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Rising Inequality: DISASTERS ADD TO WOES, By Dhurjati Mukherjee, 1 May 2019 Print E-mail

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New Delhi, 1 May 2019

Rising Inequality


By Dhurjati Mukherjee


Globally disaster losses are estimated at $520 billion per annum, pushing more than 26 million people into poverty every year. As a result, inequality was rising at a far greater pace than projected, a UN study has revealed. This is worrisome, particularly for India, as the gap between the rich and poor is widening and if disasters add to it, then the next Governmenmt needs to do a lot more for the people. .  

Out of 36 States and Union Territories in the country, 27 of these are disaster prone. Almost 58.6 per cent of the landmass is prone to earthquakes of moderate to very high intensity; over 40 million hectares (12 per cent of land) are prone to floods and river erosion; of the 7,516 km long coastline, close to 5,700 km is prone to cyclones and tsunamis; 68 per cent of the cultivable area is vulnerable to drought and hilly areas are at risk from landslides and avalanches.


A disaster is an extreme disruption of the functioning of a society that causes widespread human, material, or environmental losses that exceed the ability of the affected society to cope with its own resources. Disasters caused by floods, droughts, tidal waves and earth tremors are generally considered “natural disasters.” The UN defined a natural disaster as: “the consequences of events triggered by natural hazards that overwhelm local response capacity and seriously affect the social and economic development of a region.”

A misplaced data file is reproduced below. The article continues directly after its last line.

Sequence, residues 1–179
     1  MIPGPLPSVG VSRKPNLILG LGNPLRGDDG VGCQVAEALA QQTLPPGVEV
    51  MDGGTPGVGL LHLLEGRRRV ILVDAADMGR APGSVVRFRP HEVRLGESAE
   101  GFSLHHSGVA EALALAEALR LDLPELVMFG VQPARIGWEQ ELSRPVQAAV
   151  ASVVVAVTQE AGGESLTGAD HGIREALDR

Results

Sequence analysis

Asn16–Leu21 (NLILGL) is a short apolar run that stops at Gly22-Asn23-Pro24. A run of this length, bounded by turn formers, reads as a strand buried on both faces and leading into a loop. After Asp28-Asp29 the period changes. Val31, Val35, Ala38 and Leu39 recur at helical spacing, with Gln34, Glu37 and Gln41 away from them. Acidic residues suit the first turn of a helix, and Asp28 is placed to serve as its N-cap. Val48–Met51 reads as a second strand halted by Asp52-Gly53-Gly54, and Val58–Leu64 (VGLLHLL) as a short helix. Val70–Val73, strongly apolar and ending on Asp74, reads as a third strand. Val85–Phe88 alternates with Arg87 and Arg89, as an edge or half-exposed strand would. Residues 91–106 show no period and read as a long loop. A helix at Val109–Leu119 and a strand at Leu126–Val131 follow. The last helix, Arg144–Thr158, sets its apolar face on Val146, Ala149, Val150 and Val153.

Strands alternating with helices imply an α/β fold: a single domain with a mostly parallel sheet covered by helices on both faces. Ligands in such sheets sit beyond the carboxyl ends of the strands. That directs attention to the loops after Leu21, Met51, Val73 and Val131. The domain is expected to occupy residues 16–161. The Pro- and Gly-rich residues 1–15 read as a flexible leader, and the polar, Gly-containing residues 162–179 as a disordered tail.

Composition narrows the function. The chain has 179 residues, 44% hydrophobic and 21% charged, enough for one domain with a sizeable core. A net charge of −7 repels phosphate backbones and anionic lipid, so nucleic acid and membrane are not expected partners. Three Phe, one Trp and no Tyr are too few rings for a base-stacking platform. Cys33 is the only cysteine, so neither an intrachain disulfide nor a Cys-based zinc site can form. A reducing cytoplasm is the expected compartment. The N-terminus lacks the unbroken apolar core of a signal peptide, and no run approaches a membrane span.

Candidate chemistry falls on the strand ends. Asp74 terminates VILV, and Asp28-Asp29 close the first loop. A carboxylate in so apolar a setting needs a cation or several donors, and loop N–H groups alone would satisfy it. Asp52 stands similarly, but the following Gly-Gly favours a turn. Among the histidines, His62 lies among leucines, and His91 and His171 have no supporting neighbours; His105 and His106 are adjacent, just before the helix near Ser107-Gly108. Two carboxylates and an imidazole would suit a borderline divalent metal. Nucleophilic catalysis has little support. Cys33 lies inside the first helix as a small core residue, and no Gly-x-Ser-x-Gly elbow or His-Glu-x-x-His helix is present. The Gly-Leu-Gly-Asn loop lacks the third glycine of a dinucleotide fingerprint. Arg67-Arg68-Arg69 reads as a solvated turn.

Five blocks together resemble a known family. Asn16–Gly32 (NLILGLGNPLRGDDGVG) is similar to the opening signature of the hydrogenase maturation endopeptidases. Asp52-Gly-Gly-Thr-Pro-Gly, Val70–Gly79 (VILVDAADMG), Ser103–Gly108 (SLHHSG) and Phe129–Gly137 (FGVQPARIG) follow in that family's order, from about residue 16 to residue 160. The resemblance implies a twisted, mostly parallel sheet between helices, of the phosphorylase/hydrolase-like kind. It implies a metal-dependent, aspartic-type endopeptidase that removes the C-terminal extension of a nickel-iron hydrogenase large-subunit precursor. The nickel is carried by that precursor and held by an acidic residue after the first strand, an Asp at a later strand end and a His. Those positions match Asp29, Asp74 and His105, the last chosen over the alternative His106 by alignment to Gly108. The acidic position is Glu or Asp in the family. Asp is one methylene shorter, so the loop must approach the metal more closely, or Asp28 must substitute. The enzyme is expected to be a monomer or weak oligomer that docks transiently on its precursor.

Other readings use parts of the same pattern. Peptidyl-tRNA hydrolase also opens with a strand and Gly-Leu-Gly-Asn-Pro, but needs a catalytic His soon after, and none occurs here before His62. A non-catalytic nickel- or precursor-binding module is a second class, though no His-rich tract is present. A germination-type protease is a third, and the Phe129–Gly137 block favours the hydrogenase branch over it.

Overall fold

It has been seen that natural disasters cause huge loss to the economy of a country and many Third World countries, including India, have been a victim of such incidents. But such disasters have been continuing in the last few years with global warming aggravating its frequency. India has been vulnerable, in varying degrees, to a large number of natural disasters such as floods, droughts, cyclones, earthquakes, landslides, avalanches and forest fires.


With statistics raising a frown, the proposed global Coalition for Disaster Resilient Infrastructure (CDRI) – an Indian initiative on the lines of the Solar Alliance of 120 countries – is a step in the direction which received a boost with India pledging Rs 480 crores to set up a secretariat in New Delhi.


The initiative has the support of the UN and the World Bank. Among the 33 countries which have already supported the Indian initiative, Italy, UK, Australia, South Africa, and the European Union have agreed to fund the new organization set to be declared at the UN Climate Summit, scheduled at the UN headquarters this September.